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by Messrs. Thos. Cook and Son. Messrs. Hickie, Borman and lrant, of 25 Cockspur Street, London, S.W. 1, have organised a number of Winter Sorts holidays for this winter, and Camps and Tours Union, of 126 Baker Street, pandon W. 1, have a Winter Sports Party to Sass-Fee, Switzer- land, leaving on December 31st and re-

turning January- 14th. Several books have reached me Acently which will prove interesting and instructive to those interested in the art of ski-ing. The Game of Ski-ing, by Alan H. d'Egville (Edward Arnold and -Co., 5s. net), is. a taibk for the beginner, explaining very clearly by means of simple illustrations the fundamental steps and turns. For more experienced •people I can' recommend The Complete Bopk of Ski-ing, by F. Hallberg and H. Milckenbrunn, translated by Brian Lunn (Edward Arnold, 12s. 6d. net). This is the English version of the fourth French edition of Le Ski. The publishers inform us that it is the most comprehensive work on ski-ing yet published in England. It certainly covers the whole field, from the choice of equipment to racing and championships ; the illustra- tions are good, and easily understood. In every way a very useful book. Another interesting book is The British Ski Year Book, edited by Arnold Lunn, and published by the Ski Club of Great Britain, 3 Hobart Place, Eiton Square, London, S.W. 1, at 10s. net. The 1936 edition contains articles on Ski-ing in the Canadian Rockies, Afghanistan and Chile, an Olympic Supplement, and many other articles of interest to the Winter Sports enthugiiast. _ In.dian States Railway Magazine

The October issue of this illustrated magazine is a handsome production and can be recommended to those litho are interested in India. The photography is excellent. Articles deal with the Boats of the Ganges, Gandhara Sculptures, Milk, the Bis-Cobra, the River Nati, &c. The price is eight annas (9d.).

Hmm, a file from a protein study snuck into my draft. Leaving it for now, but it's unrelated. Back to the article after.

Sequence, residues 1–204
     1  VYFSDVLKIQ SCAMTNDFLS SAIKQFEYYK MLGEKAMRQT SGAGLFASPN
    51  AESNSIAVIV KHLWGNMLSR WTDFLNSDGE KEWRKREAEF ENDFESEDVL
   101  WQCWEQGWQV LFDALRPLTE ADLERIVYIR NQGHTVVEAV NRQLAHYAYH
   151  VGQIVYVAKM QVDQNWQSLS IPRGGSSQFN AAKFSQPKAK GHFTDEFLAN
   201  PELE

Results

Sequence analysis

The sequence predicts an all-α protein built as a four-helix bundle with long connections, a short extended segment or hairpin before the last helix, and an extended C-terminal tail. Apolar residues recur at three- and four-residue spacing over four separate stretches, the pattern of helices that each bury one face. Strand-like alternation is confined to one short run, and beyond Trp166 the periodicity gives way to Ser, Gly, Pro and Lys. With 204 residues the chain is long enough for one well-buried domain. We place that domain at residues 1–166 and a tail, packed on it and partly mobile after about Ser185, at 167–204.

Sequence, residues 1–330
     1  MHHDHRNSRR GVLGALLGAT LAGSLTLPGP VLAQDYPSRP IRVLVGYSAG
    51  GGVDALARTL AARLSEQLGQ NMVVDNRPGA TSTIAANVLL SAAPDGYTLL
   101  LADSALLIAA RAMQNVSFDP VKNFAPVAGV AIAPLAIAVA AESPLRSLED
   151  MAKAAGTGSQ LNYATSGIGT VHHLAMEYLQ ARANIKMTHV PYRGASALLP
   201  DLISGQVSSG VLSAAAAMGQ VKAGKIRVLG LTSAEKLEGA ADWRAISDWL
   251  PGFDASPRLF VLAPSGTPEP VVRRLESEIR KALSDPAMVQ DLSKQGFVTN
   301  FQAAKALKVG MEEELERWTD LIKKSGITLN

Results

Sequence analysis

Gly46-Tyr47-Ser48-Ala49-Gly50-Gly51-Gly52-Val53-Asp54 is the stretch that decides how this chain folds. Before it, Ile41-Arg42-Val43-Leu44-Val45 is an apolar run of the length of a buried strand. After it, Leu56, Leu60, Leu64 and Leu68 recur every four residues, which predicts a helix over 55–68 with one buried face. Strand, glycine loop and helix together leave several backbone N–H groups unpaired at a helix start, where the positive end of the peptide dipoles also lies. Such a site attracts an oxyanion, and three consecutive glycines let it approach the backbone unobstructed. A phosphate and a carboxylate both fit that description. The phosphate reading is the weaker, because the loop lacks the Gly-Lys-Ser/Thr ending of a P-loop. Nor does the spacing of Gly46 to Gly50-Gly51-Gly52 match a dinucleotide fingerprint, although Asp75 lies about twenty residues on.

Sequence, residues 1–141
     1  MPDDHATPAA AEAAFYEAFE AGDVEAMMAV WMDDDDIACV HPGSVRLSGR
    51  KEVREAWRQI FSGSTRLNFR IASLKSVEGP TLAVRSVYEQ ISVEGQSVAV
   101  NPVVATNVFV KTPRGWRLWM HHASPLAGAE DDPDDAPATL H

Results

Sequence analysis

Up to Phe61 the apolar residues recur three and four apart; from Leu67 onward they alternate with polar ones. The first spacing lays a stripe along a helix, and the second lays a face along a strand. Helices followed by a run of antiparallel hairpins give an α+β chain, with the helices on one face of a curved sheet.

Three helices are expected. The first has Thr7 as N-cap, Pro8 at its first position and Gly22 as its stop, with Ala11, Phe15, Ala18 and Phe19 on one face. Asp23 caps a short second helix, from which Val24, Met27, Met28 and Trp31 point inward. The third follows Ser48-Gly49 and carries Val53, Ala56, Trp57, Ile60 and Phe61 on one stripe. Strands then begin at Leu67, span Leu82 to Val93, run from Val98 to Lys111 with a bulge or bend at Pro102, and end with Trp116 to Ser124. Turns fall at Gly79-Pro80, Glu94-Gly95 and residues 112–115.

• Cruises Up the Amazon The Booth Liners, SS. 'Hilary' and SS.

• An.sehn will undertake a number of inter- esting tours up the Amazon for 1,000 miles through Brazil to Mantles by way of Portugal, Madeira and Para. The tours are of seven weeks' duration, leaving Liverpool on December 8th and 30th, February 6th and 26th, and April 6th and 27th. Full particu- lars of these tours may be obtained from the Booth Line, 11 Adelphi Terrace, London, W.C. 2.

New Passenger Liner The departure of the new passenger liner, ` City of Benares ' from Liverpool, on October 24th on her maiden voyage to Karachi was an event of importance in the long association of the Ellerman City and Hall lines to India. The ' City of Bermes is the first of the company's vessels to have two funnels. The spaciousness of her accommodation, and the ingenious interior treatment of the Lounge, Smoke Room, Dance floor, and Cocktail Lounge are notable features. The latest devices for ventilation and air conditioning have been installed, and the decorations and furnishing strike a note of modernity which is very pleaSing. The ship is in many ways superior to other vessels of comparable tonnage in the Indian trade.